Tuesday, June 02, 2020

Echoes of Asia financial crisis haunt region's debt market

Mar 27. 2020
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By Syndication The Washington Post, Bloomberg · Denise Wee 

As the coronavirus outbreak roils credit markets around the world, Asia is under particular threat.

The region has led the world in economic growth for years as debt helped fuel frenetic construction of airports, bridges and apartment towers for millions of people moving into cities. That model is now running up against an unprecedented spike in borrowing costs, as investors who piled into the region's riskiest debt at a record pace grow anxious.

"It's all coming home to roost," said Charles Macgregor, head of Asia at Lucror Analytics, an independent research firm based in Singapore that focuses on high-yield credit. "Some companies will take advantage of the crisis to restructure their debt."

Bondholders are now racing to dump their positions after snapping up a world-beating 140% jump in junk-rated Asian dollar issues in 2019. Spreads on junk bonds have soared to around the highest on record, according to data going back to 2010, new issuance has slowed to a trickle and analysts at Goldman Sachs are predicting defaults will rise.

The swing from boom to bust has been swift even by the standards of today's manic global markets. Weakening Asian currencies put additional strain on companies that borrowed in dollars. The depth and breadth of the pain will depend on the path of the outbreak and government efforts to prevent economic depression, but some businesses are running out of time. About 40% of the $11.4 trillion in bonds issued by Asian companies will mature before the end of 2021, including about $23 billion of stressed dollar notes coming due this year.

Money managers once seduced by high yields have lost their appetite for risk. Since February 20, investors have withdrawn over $34 billion from corporate bond funds, according to the Institute of International Finance.

The current situation echoes the 1997 Asian Financial Crisis, when companies took on unprecedented levels of dollar-denominated debt, says Xavier Jean, senior director for corporate ratings at S&P Global Ratings.

The pandemic is forcing companies to draw down credit lines and even brings fears of a protracted malaise that has some flavor of a depression. In an early warning sign of pain in Asia, Singapore's economy contracted the most in a decade in the first quarter. The credit market turmoil adds to risks for a region that again surpassed other areas with a 5.3% economic growth rate last year, but is now particularly vulnerable as travel bans and lockdowns crimp exports.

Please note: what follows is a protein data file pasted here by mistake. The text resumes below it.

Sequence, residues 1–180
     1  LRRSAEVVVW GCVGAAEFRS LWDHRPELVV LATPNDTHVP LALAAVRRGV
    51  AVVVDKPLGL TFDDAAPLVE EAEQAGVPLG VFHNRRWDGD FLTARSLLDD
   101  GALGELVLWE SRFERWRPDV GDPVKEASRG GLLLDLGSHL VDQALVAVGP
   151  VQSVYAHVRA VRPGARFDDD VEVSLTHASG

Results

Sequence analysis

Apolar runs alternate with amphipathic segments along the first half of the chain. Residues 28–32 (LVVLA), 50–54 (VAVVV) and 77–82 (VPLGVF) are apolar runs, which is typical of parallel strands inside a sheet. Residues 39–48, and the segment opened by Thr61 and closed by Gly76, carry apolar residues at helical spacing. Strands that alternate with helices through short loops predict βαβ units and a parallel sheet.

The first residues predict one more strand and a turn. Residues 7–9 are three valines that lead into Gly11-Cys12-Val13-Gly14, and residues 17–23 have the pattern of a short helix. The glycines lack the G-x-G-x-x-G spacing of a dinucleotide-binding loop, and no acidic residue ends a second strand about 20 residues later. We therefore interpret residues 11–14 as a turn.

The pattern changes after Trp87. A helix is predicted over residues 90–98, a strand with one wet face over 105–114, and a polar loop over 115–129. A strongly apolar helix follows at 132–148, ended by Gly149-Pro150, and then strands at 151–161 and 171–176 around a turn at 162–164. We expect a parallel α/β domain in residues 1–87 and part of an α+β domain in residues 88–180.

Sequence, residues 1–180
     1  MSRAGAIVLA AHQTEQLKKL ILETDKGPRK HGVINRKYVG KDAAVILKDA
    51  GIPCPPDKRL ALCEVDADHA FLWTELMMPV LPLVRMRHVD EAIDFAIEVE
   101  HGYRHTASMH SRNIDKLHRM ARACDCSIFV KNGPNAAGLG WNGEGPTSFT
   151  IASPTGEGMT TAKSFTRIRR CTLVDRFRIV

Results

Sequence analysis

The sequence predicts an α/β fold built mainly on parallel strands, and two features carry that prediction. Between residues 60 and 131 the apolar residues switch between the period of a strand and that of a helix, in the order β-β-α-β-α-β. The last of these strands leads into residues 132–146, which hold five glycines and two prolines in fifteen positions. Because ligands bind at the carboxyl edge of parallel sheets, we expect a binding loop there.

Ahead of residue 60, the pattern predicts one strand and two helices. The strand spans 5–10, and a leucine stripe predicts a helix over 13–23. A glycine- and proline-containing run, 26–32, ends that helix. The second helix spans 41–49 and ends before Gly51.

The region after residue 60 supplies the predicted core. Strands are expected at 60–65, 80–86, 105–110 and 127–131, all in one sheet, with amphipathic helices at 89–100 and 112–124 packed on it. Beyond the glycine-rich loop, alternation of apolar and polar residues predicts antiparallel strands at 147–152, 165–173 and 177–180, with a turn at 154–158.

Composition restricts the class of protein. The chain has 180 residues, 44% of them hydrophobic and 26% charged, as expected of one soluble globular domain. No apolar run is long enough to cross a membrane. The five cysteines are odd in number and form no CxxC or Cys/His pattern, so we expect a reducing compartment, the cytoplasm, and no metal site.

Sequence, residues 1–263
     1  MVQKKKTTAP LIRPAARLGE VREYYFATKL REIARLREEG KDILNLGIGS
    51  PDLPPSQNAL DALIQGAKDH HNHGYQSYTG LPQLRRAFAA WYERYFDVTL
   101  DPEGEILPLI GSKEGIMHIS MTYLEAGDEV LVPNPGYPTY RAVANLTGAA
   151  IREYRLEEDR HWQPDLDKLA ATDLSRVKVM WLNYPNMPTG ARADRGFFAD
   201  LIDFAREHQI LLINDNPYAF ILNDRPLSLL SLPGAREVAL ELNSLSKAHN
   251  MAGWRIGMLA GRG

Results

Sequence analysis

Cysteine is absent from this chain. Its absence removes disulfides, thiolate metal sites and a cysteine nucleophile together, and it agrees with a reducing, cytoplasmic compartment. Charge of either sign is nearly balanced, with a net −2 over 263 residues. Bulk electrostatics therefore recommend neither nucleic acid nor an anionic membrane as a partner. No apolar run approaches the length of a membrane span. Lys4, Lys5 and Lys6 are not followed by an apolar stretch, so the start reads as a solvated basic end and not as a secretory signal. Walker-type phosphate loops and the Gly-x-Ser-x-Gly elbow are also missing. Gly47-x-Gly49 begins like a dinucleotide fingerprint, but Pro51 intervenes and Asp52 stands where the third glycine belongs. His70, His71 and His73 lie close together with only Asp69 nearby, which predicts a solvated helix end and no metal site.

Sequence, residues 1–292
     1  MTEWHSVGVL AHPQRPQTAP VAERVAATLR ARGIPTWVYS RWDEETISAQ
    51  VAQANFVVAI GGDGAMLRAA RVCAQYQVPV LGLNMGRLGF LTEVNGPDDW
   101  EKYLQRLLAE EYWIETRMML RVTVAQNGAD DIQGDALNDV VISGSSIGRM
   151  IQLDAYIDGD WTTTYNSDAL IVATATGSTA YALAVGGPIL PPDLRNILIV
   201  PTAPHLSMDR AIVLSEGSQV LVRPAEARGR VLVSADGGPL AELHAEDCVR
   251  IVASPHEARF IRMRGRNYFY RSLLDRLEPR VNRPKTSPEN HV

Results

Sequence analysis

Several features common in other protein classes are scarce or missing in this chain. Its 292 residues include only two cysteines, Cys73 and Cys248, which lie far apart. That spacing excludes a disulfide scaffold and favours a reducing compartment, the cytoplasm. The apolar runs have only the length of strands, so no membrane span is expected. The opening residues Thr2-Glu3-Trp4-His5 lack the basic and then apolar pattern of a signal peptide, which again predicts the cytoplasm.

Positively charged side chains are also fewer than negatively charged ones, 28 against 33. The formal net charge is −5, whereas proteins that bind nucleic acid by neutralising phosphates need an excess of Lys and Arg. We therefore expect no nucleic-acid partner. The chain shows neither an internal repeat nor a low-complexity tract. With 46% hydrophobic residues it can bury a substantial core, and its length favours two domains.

While domestic bond markets in Asia have become more robust and banking systems healthier, the corporate sector is still wobbly. In Indonesia and Thailand in particular, currencies have lost at least 7% against the dollar this year.

Firms are larger compared with the Asian financial crisis, but weaker as a lot of debt has built up, according to Raymond Chia, head of credit research for Asia excluding Japan at Schroder Investment Management.

Indonesia's corporate debt is the most precarious. The currency is down a region-worst 14% this year, and the local bond market is less robust than its neighbors'. In the past month, S&P has either downgraded or changed outlooks to negative for six Indonesian companies with $3.2 billion in total debt outstanding.

Oil and gas explorer PT Medco Energi Internasional is among them, with a credit profile that only gets weaker the longer the oil price war goes on.

In the region, China "is the elephant in the room," said Alicia Garcia Herrero, chief Asia-Pacific economist at Natixis. China accounts for about one-quarter of the world's total corporate debt, and among stressed debtors, it's an even bigger player: a report last year suggested some 40% of the world's riskiest debt was owed by Chinese corporates.

Chinese builders, including China Evergrande and Kaisa Group Holdings, are the biggest junk bond issuers in Asia, accounting for about 48% of that market. Now the coronavirus outbreak's brought sales to a halt, drying up the short-term financing the industry relies on. In March, Herrero invoked another pachyderm, calling the sector "a hibernating grey rhino waking up to global risk aversion."

The region's most stressed companies can't wait for a long recovery. Among Asia-Pacific borrowers with yields above 15%, $23 billion in U.S. currency bonds matures before the end of the year, according to Bloomberg-compiled data.

Among these are Indian auto company Tata Motors, with a dollar bond maturing in April, and China Evergrande Group, one of China's most indebted developers, with net debt of $88.5 billion as of June. PT Garuda Indonesia, the nation's flagship carrier, also has $500 million in debt set to mature in June, and global air travel has ground to a halt.

They will all pay dearly to refinance or to access new capital. Spreads on Asia junk dollar bonds have jumped nearly 700 basis points this year to at least a 10-year high, according to a Bloomberg Barclays index.

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